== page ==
Holy Week Traditions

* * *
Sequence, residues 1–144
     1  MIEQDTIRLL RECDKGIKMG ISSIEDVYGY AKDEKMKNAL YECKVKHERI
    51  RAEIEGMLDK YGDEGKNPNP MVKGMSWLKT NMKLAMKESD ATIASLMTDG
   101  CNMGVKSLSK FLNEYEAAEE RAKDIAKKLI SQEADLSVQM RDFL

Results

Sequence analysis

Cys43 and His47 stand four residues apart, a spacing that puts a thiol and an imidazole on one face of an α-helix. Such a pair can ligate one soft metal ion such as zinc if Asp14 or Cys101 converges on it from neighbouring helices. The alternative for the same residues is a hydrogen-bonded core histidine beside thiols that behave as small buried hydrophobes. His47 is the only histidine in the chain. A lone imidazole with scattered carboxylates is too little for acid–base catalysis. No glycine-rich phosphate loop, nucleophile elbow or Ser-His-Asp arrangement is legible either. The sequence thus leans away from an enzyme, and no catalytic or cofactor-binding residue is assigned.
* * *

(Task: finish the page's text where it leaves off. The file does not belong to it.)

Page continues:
Southern Europe across the Mediterranean has several similarities in custom and tradition which extends from food to festivities - probably nothing is more intense to the religious and profane festivities leading and related to Easter, the greatest of feasts in the Roman Catholic tradition. Throughout the centuries these traditions have changed and assimilated from each other - a great legacy can be drawn between three countries with their particular regions - mainly, Sicily in Italy, the Analusian region of Spain and the Maltese islands. Unique traditions can be found in a number of regions which probably due to seclusion in the past have led to the formation of an independent custom of events, attire and celebrations, yet all drawn to the same Roman Catholic roots - Marsala's Veroniche, seemingly out of something from the Balkans or the Middle East, San Fratello's Gudei, very much a grotesque re-interpretation of the attire worn during Holy Week in most of these places and Prizzi's Abballu di lu Diavuli (Dance of the Devils), very much like something coming out of the Ancient Greek Theatre in the attire of the Devil are cases in point - Trapani more traditionalist holds the oldest of Italy's processions and also the longest in the 24 hour Processione dei Misteri on Good Friday, with figures similar to those found in Southern Spain yet in a sombre interpretation. The culmination of Southern Spain's Holy Week is definitely the processions of Seville, the longest in the world, almost going on for a whole week 24/7 - (yet, a main difference lies in the fact the the week is more festive in mood, with bars open, people eating and drinking and also the representation of the Statues, with Christ never crouched and in pain but rather victorious) - the Saeta singers are also very much uniquely attributed to the region, yet in regions of Sicily one finds such similar musical manifestations, normally less formal which seem to remind one of origins in Arab laments, possibly leading back to the fall of Granada in 1492 - these have in turn influenced a lot similar traditions in Italy especially the south and most particularly Sicily, still felt in spectacular celebrations of Holy Week on this Mediterranean Island in the processions held on the mountain towns of Enna, Mussomeli and Aidone. The island of Malta, lying in close proximity to both Sicily and Southern Spain, have drawn a lot from these influences most evidently from its neighbour island of Sicily.